Show #3, March 10th, Clermont-Ferrand, France
It’s 2.20am. We’re on the bus driving to Reims. There’s plenty of chatting going on between everyone. They’re all pretty happy with how the show went tonight. Me too. It’s the same venue that we rehearsed in earlier in the week, so we felt at home in a way. It’s a really great venue actually because the room was just like a square that gradually rises up. Yes, I know, like most venues, but this one seems quite simple in it’s layout, which is great when I want to see everyone.
After the show, we went out to sign CD’s and meet the public, which is always pretty hectic and non stop. It’s always a slightly strange experience because most of the time I spend looking down at what I am writing so I don’t get to actually see everyone that I am writing to, but I always really appreciate those of you who (while I am signing my name) let me know your thoughts about the show. It’s those words that mean a lot. One lady took a moment to say that her life changed from listening to my music and she found love – that’s the reason I do what I do. And thank you to Amandine Toupin for the letter – it was very touching what you wrote (both in English and French).
I have something to add to what I talked about last night regarding playing the old and then the new material. I mentioned it being kinder on my voice because of the way I wrote the songs, but since a conversation I just had with Medi, I realised there’s another big reason for it. During all of our touring of the last album, and for most of my life, all the monitoring (sound on stage) I have ever had has come from the wedges (speakers on the floor). But for this album, we have turned to having in ear monitoring, which Ben has been begging me to do for 2 years and which Nico and Franck (my sound men) really pushed for. So, it’s taken a bit of getting used to (first we had to let go of believing that it’s not still rock n roll if it’s not REALLY loud onstage and destroying our hearing), but overall the result is a lot better.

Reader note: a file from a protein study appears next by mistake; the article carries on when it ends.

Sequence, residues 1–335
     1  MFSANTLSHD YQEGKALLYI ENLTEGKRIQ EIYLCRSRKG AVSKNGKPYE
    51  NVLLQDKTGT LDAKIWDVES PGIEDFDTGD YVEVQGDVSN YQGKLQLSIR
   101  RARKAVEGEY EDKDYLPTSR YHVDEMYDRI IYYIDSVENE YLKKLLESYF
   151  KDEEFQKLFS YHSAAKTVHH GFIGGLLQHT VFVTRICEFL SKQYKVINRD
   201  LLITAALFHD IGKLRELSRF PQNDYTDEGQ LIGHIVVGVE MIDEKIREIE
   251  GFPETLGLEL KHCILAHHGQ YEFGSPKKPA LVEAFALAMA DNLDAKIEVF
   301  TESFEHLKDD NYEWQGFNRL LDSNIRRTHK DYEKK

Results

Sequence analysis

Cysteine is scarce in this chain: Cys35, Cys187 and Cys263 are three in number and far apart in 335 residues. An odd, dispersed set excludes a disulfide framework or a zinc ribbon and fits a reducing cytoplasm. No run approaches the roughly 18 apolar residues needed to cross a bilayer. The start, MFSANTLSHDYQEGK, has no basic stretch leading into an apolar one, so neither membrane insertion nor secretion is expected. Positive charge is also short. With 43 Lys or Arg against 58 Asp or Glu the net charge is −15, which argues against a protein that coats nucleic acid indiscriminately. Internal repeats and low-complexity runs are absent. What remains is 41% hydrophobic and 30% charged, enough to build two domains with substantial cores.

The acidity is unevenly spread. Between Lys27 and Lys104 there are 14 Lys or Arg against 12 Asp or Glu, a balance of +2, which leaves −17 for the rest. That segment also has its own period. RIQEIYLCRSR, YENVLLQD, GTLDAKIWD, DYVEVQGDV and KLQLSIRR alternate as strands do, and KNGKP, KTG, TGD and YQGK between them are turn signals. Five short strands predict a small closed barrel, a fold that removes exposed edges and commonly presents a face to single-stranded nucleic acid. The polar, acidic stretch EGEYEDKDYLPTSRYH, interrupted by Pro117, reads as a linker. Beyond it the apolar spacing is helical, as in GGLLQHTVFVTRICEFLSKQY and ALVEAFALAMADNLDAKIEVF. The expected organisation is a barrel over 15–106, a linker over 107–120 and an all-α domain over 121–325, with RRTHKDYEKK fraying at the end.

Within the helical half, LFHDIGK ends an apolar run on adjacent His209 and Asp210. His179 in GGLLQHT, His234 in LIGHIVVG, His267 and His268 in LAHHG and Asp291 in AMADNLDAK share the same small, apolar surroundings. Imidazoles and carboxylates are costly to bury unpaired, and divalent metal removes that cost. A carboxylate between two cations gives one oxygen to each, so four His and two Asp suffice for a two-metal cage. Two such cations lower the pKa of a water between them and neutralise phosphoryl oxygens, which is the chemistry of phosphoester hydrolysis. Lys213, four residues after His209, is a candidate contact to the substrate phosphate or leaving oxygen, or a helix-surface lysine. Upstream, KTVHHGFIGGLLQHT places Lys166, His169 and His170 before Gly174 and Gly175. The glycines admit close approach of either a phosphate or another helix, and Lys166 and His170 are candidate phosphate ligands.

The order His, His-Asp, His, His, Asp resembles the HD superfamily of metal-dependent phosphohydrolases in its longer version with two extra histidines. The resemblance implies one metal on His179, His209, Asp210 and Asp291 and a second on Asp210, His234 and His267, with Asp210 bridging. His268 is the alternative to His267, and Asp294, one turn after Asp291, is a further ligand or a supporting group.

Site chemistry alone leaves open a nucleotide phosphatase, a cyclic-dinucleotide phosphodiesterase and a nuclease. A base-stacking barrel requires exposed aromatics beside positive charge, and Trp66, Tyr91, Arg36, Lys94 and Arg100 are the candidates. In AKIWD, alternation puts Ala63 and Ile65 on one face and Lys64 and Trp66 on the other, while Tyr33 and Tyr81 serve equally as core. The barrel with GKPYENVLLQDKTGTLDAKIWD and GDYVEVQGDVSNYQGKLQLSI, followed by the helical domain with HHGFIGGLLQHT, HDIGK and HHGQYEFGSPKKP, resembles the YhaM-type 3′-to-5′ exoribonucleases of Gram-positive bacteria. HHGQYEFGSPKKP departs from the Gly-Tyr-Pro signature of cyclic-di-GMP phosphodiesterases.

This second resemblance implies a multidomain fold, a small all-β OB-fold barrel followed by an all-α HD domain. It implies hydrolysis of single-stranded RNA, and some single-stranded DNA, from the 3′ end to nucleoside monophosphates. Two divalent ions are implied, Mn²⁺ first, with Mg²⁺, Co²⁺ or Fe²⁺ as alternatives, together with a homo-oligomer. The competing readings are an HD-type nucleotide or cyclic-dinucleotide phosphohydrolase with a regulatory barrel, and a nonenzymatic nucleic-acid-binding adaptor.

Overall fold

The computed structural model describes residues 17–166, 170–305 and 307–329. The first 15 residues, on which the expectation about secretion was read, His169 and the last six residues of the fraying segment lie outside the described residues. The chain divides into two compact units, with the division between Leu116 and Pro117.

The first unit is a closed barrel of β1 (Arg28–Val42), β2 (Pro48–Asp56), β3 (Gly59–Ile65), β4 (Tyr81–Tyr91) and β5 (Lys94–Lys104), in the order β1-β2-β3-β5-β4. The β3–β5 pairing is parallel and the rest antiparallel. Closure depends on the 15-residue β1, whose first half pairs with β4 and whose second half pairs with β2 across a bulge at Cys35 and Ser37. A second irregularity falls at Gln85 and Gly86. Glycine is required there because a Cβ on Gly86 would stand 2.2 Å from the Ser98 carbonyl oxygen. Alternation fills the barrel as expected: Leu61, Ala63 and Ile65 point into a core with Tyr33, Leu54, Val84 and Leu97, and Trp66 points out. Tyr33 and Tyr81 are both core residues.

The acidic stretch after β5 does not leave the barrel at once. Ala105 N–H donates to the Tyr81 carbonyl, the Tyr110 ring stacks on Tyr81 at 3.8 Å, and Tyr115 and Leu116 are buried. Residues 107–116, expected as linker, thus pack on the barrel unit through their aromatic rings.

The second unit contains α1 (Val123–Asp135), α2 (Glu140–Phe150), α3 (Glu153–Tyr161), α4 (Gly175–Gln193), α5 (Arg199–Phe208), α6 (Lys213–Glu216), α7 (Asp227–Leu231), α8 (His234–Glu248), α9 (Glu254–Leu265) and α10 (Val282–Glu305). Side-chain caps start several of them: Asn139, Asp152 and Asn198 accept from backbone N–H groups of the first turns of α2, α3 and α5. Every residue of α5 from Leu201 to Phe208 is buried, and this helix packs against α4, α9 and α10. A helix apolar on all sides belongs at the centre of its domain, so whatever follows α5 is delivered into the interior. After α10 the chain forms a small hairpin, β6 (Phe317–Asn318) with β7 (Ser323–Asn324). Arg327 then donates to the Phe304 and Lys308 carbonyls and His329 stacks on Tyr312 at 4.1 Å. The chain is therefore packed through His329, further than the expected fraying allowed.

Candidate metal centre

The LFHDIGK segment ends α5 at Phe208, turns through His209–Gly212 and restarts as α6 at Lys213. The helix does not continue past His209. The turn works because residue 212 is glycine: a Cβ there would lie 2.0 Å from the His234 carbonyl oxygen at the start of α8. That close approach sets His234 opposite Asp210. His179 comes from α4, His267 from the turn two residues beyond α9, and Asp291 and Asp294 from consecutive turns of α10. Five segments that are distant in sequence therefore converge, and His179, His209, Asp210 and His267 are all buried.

I just had a chat with Medi asking how his set went before mine (it’s a long day for him) and he said how great it was to sing his songs with the in ear monitors. I realised at that moment how much of a difference they make. Everything is so much clearer. I can sing really softly and hear every nuance in my voice, without having to fight the bass guitar. That makes a huge difference to how to preserve the voice during the set.
I can’t imagine how boring it must be to read about this stuff. My own words are even boring me.
What else went on today? Well, much the same as it does every day. After the show, we had three sisters visit us back stage, who are triplets and friends of ours. I’ve never met triplets before. At first, when meeting the other two for the first time, I thought I was in a strange dream (albeit, one I’d be happy to not wake up from). These three girls could not look more alike – it was a sure thing that they were triplets. It was Ben’s first time to meet them also. The best moment came when he asked, “so what’s the age difference between you three?”. Priceless.
Earlier on in the day I saw a very moving film on line called Kony 2012. This is the link:
http://www.youtube.com/watch?v=Y4MnpzG5Sqc (English, but there are versions with translations)
I urge you to find 30 minutes when you can concentrate and watch this movie. The cause is one that I am going to get behind as much as I can, as it is only through reaching more people that it will make a difference.
That’s enough from me.